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Varicose veins - what to ask your doctor

What to ask your doctor about varicose veins; Venous insufficiency - what to ask your doctor; Vein stripping - what to ask your doctor

Varicose veins are abnormally swollen, twisted, or painful veins that are filled with blood. They most often occur in the legs.

Below are some questions you may want to ask your health care provider to help you take care of your varicose veins.

Questions

What are varicose veins?

  • What causes them? What makes them worse?
  • Do they always cause symptoms?
  • What sort of tests do I need if I have varicose veins?

Do I need to treat my varicose veins? If I do not treat them, how quickly will they get worse? Are there serious complications or problems if I do not treat them?

Are there medicines that can treat my varicose veins?

What are compression (or pressure) stockings?

  • Where can I buy them?
  • Are there different types?
  • Which ones would be best for me?
  • Will they get rid of my varicose veins, or will I always need to wear them?

Which procedures for varicose veins do you perform?

  • Sclerotherapy?
  • Heat ablation or laser ablation?
  • Vein stripping?

Questions to ask about different procedures for varicose veins are:

  • How does this treatment work? When would it be a good choice for treating my varicose veins?
  • Where is this procedure done? Will I have any scars? What are the risks?
  • Will my varicose veins come back after this procedure? Will I still get new varicose veins on my legs? How soon?
  • Does this procedure work as well as other treatments for varicose veins?

References

Goldman MP, Weiss RA. Phlebology and treatment of leg veins. In: Bolognia JL, Schaffer JV, Cerroni L, eds. Dermatology. 4th ed. Philadelphia, PA: Elsevier; 2018:chap 155.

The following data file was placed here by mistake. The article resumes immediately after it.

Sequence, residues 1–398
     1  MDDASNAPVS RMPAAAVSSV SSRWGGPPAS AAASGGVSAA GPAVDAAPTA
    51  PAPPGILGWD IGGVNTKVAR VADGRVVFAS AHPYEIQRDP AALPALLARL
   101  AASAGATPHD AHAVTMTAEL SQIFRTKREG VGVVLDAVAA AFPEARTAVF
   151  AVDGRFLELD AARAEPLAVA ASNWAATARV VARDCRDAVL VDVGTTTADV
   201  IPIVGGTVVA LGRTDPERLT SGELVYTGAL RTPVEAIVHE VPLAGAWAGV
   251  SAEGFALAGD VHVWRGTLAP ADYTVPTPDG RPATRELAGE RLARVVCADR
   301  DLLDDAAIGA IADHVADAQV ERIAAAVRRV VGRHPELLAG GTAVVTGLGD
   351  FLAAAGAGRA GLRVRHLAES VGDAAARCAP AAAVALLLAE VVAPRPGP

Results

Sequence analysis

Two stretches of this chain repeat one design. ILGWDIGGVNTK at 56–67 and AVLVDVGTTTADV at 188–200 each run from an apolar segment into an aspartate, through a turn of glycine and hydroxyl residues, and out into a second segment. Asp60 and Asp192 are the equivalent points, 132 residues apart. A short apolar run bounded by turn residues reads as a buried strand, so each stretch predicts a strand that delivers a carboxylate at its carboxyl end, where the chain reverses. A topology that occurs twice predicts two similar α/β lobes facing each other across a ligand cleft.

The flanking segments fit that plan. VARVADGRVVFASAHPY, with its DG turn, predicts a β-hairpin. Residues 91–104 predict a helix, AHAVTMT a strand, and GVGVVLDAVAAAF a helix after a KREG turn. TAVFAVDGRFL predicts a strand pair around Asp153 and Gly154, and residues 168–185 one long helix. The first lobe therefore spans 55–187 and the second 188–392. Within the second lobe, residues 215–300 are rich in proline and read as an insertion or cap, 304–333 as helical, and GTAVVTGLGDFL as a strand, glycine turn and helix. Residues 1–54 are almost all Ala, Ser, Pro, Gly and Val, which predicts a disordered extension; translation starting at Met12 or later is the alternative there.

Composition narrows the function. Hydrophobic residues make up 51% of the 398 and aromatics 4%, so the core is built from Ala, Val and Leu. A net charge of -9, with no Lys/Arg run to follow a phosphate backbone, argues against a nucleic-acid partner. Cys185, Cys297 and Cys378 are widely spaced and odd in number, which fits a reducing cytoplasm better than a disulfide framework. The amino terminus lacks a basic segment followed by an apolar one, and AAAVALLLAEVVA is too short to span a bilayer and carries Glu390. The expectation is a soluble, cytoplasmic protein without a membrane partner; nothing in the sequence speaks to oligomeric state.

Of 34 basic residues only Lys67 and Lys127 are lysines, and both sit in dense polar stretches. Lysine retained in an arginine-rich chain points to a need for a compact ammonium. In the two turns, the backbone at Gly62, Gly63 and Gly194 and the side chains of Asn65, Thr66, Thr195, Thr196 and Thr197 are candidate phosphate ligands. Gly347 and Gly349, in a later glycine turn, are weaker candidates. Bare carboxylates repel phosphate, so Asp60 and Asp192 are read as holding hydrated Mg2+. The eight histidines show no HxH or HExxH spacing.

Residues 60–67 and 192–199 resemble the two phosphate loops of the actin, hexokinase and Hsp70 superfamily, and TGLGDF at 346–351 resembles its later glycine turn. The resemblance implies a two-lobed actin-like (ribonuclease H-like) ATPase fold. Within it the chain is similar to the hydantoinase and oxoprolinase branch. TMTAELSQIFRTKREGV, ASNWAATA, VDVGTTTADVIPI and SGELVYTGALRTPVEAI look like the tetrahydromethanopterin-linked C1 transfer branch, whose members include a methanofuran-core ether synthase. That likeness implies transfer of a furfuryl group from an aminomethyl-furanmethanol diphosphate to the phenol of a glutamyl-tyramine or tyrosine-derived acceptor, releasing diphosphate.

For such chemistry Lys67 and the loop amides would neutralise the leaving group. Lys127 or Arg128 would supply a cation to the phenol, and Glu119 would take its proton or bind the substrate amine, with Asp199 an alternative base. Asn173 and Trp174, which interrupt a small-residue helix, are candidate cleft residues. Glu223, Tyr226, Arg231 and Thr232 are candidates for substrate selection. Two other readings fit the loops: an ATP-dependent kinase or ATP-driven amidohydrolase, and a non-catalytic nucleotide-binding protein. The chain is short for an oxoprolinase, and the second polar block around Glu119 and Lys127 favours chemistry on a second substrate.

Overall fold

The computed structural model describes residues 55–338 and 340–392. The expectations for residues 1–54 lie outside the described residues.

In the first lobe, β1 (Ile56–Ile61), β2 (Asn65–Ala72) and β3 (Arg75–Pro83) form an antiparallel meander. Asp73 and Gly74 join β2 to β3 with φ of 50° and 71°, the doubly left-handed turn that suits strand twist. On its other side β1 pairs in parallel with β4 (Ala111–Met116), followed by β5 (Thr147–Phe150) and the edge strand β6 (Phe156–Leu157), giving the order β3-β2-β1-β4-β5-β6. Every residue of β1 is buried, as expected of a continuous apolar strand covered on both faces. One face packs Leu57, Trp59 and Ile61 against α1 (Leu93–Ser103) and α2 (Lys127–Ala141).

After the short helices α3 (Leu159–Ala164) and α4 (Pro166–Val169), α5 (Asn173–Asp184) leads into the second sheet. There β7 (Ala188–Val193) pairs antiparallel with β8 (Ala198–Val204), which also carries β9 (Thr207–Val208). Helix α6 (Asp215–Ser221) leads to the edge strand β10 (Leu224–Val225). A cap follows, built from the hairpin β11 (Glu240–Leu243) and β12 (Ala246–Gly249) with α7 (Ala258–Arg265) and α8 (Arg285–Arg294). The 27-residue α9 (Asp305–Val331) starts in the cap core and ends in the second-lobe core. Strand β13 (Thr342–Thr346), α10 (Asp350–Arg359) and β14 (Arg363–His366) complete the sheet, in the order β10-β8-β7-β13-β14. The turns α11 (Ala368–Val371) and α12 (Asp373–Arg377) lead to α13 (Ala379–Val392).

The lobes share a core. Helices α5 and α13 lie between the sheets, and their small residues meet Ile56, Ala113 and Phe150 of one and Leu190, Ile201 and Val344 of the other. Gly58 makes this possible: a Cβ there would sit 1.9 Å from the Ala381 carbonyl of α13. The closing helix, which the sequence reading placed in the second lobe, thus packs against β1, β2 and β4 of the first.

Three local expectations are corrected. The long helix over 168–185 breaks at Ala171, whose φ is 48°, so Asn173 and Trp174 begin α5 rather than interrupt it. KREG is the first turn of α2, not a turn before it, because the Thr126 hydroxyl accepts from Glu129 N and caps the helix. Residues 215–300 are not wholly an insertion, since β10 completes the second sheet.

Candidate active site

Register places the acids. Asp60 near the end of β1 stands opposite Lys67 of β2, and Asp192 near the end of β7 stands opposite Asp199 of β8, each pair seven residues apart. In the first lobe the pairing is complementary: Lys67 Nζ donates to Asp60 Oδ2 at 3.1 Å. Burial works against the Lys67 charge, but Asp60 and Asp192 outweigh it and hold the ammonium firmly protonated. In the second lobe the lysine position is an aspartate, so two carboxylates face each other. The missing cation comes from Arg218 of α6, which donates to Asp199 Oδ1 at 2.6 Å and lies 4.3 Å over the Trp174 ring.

Iafrati MD, O'Donnell TF. Varicose veins: surgical treatment. In: Sidawy AN, Perler BA, eds. Rutherford's Vascular Surgery and Endovascular Therapy. 9th ed. Philadelphia, PA: Elsevier; 2019:chap 154.

Sadek M, Kabnick LS. Varicose veins: endovenous ablation and sclerotherapy. In: Sidawy AN, Perler BA, eds. Rutherford's Vascular Surgery and Endovascular Therapy. 9th ed. Philadelphia, PA: Elsevier; 2019:chap 155.

  • Varicose veins

    Animation

  •  

    Varicose veins - Animation

    From the outside, your veins look like nothing more than a few faint blue lines under your skin. But inside your body, they work hard to transport blood from your organs to your heart. Sometimes, blood can get stuck in your veins and make them swell up so they really stick out. These swollen veins are called varicose veins. And if you have them, you may be putting a lot of effort into covering them up. Veins have valves in them that prevent blood from flowing the wrong way. They're kind of like the valves in your bathroom plumbing that prevent hot water in the water heater from backing up into the cold water supply. The valves inside your veins make sure that your blood keeps flowing in the right direction, toward your heart. But if those valves aren't working correctly, blood can back up and get stuck inside a vein. As the blood collects, the vein swells. So, what causes the valves in the veins to malfunction? Well, you may have been born with defective valves. Or, you might be putting on extra pressure on the veins in your legs if you stand for long periods of time, or you're pregnant. When you have varicose veins, you, and your doctor, should be able to tell just by looking at them. They look like raised, thick blue or purple veins. Varicose veins can also make your legs ache and your ankles swell. So, how are varicose veins treated? Well, first, your doctor will recommend rest and support for your varicose veins. Avoid standing for long periods of time, and prop up your feet on a pillow or box whenever you sit. Wearing elastic support hose can also help. If you're in a lot of pain from your varicose veins, or their appearance really bothers you, your doctor may recommend a treatment such as lasers to minimize the veins. Or, you may have a type of surgery called vein stripping. During this procedure, the surgeon threads a thin, plastic wire into each varicose vein and then pulls the vein out. At first, varicose veins are more of a cosmetic problem than a health issue. But over time, they can get worse. Some people develop sores, inflammation from phlebitis, clots, or their varicose vein breaks. Talk to your doctor if you have varicose veins, especially if they hurt or they don't improve from wearing support hose or staying off your feet. Call your doctor right away if you have intense pain, swelling, fever, or a sore on your leg.